The Million Eyes of Sumuru (1967)
Does the name Harry Alan Towers mean anything to you? If you’re thinking of drive-in fodder from the late 60’s and forward that Towers produced by the dozens and wrote under the alias, Peter Welbeck than you’d be right. Towers seemed to have a talent for casting well known names in his productions that quite often were filmed in far away locations that worked to the advantage of his budgetary restraints. I’m not sure where Sax Rohmer fits into all this but apparently the title character of Sumuru was one of his creations and the film has me believing she was the female version of his world renowned, Dr. Fu Manchu.
Two comparisons hit me head on. First off was the fact that yes, this feels like a Fu Manchu flick without the good doctor or Chris Lee for that matter though Lee was a regular in the Towers stock company. Secondly is that for a brief moment I thought I might be watching an episode of the Persuaders with Tony Curtis and Roger Moore as a couple of crime busting playboys. I say that because this Honk Kong filmed flick has George Nader and Frankie Avalon as just that. A couple of C.I.A. operatives on vacation with the intention of bedding as many lovely ladies as is humanly possible in the time allotted. On top of that, Wilfrid Hyde-White (much like Persuader’s Laurence Naismith) turns up as a representative of Her Majesty who pulls the boys off their vacation and enlists them in the fight against Shirley Eaton’s Sumuru. Sumuru is out to rid the world of male domination. Death will come to any one of her all female army who falls in love with a man, a member of the opposition. To prove it she has a woman put to death shortly after the opening credits.
Nader is the more serioys agent of the two though he keeps his tongue firmly in cheek when faced with death at various points in the film from Canadian born director, Lindsay Shonteff. While Nader gets the majority of screen time, Avalon gets top billing. The pair will discover that Sumuru has married off eleven of her cells to some of the world’s most influential leaders. She’s grooming Maria Rohm to marry another, Klaus Kinski! Dubbed as usual, Klaus is cast as an unlikely President of Hong Kong and was another member of the Towers stock company.
Miss Rohm? She was in numerous films of the producers’ and why not, she was his wife.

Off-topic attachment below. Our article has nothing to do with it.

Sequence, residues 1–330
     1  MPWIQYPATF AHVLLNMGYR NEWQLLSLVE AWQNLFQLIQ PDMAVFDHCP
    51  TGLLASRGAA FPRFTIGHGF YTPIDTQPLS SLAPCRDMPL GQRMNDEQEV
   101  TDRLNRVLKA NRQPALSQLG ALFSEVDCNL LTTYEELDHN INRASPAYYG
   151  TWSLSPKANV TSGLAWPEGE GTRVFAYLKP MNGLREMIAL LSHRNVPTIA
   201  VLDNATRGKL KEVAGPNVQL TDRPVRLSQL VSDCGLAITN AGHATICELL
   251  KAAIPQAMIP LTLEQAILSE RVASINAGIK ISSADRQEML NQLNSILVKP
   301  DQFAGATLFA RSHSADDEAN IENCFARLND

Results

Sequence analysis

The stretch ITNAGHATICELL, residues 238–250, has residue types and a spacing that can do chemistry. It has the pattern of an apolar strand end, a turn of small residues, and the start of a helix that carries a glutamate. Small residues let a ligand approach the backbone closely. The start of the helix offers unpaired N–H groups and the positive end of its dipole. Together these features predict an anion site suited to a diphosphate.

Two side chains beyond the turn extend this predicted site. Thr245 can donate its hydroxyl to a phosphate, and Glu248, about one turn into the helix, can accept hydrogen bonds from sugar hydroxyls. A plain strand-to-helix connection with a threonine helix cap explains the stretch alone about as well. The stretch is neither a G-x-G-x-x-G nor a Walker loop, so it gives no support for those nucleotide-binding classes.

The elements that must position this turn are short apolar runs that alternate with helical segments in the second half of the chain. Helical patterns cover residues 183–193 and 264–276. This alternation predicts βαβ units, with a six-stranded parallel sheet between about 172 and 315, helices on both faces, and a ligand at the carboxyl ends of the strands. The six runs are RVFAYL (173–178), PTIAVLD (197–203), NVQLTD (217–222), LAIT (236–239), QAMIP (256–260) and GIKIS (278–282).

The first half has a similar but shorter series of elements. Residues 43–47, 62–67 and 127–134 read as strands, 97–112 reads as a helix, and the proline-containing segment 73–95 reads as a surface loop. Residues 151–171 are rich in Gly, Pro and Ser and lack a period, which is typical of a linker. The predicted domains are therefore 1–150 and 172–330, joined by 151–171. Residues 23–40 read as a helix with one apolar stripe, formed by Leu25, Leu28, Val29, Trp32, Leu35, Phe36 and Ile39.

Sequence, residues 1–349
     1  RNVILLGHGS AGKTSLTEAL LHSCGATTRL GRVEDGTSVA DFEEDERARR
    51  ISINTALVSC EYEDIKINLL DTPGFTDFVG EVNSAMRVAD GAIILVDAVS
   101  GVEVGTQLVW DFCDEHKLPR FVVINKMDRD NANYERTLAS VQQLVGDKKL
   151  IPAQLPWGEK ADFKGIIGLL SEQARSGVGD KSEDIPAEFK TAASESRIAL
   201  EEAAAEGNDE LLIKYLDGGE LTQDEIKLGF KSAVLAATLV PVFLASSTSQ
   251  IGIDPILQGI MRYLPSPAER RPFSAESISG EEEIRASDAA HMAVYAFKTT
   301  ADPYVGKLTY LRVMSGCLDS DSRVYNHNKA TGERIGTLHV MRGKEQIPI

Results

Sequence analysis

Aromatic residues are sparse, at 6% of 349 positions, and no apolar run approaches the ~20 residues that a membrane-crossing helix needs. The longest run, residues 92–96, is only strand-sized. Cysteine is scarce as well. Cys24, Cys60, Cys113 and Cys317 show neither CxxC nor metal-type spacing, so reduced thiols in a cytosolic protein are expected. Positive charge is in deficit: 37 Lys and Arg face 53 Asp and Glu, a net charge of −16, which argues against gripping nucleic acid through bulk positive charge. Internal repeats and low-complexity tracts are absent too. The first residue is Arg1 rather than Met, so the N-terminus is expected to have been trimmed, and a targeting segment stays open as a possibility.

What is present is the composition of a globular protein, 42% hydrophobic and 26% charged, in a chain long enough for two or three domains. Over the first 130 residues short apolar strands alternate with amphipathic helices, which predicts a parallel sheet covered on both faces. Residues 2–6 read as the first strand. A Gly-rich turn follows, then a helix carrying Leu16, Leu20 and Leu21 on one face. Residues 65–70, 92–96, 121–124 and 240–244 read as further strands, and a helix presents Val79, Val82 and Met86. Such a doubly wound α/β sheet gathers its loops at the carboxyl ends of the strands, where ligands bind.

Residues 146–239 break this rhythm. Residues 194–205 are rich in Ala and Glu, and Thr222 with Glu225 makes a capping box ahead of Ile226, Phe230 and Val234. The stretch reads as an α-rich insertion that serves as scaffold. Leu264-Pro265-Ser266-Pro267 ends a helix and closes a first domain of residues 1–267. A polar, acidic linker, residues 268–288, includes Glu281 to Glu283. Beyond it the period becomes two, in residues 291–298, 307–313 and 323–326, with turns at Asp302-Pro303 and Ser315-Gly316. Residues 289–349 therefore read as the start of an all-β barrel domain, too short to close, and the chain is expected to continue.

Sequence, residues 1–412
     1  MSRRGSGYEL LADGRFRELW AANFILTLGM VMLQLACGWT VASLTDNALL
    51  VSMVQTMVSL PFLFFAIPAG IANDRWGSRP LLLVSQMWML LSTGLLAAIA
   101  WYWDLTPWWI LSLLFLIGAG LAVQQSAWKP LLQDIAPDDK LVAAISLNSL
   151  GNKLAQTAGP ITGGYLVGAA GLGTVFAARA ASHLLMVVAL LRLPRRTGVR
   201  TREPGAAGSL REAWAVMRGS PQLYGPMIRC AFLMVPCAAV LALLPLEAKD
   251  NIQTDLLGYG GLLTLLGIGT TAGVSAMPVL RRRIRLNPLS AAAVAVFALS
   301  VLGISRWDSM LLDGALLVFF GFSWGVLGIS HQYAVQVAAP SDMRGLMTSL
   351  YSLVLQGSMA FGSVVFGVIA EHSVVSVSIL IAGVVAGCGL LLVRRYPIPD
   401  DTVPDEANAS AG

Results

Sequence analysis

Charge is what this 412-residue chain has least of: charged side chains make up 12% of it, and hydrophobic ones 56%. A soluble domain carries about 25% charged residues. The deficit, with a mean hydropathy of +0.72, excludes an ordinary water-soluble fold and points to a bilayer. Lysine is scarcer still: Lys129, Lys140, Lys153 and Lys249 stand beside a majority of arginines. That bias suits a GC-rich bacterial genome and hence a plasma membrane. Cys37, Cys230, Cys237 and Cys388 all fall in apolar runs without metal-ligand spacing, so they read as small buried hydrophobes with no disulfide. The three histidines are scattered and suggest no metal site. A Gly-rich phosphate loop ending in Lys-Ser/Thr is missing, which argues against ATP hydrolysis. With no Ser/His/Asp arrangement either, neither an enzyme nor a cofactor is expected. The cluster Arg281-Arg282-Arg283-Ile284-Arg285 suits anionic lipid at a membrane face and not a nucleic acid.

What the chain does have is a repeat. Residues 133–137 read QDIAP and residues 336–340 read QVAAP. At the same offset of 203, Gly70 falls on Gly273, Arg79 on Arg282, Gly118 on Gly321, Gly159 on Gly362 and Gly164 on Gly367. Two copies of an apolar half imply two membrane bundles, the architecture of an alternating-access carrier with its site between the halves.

With Nader playing the main agent and Frankie chasing girls it’s Nader who is captured by Sumuru and forced to yield to both her plot for world domination and her physical desires. As long as she doesn’t fall in love with him I suppose it’s alright.
Like a good majority of these spy films of the era as well as the Lee Fu Manchu series, there’s bound to be an army of disciples under the main villain, in this case all scantily clad females in silks and bright colors and an island getaway that just might be rigged to go BOOM when called for.
IMDB be damned! I loved this flick with it’s flashy outfits on the ladies, it’s Shaw Brother’s studio locations and laughable fight choreography. Maybe there’s more here than I understand when it comes to psychology and the fact that I enjoyed watching a bunch of aggressive women threatening to beat the hell out of Nader and his sidekick Frankie in hopes of conquering the world. Yes that includes Nader getting a good whipping at the hands of Shirley while the whole time verbally sparring with her as if he’s 007. What does all this female domination say about me? Don’t know, don’t care. Just know I’ll be watching this bit of exploitation again at some point.
For those who may not be aware, Eaton will be forever famous for her appearance as the gold painted victim in the James Bond classic, Goldfinger. She would on to play Sumuru once again though the name is changed slightly in a sequel of sorts for the Towers company in the 1969 follow-up, The Girl From Rio.
A first time viewing for me thanks to the good folks at Blue Underground putting out a double bill on blu ray of this and the follow up from 1969. The company has actually released a welcome number of Towers films on blu in double feature format and will hopefully continue to do so.
And I’d love to have the poster and maybe a lobby card in my collection.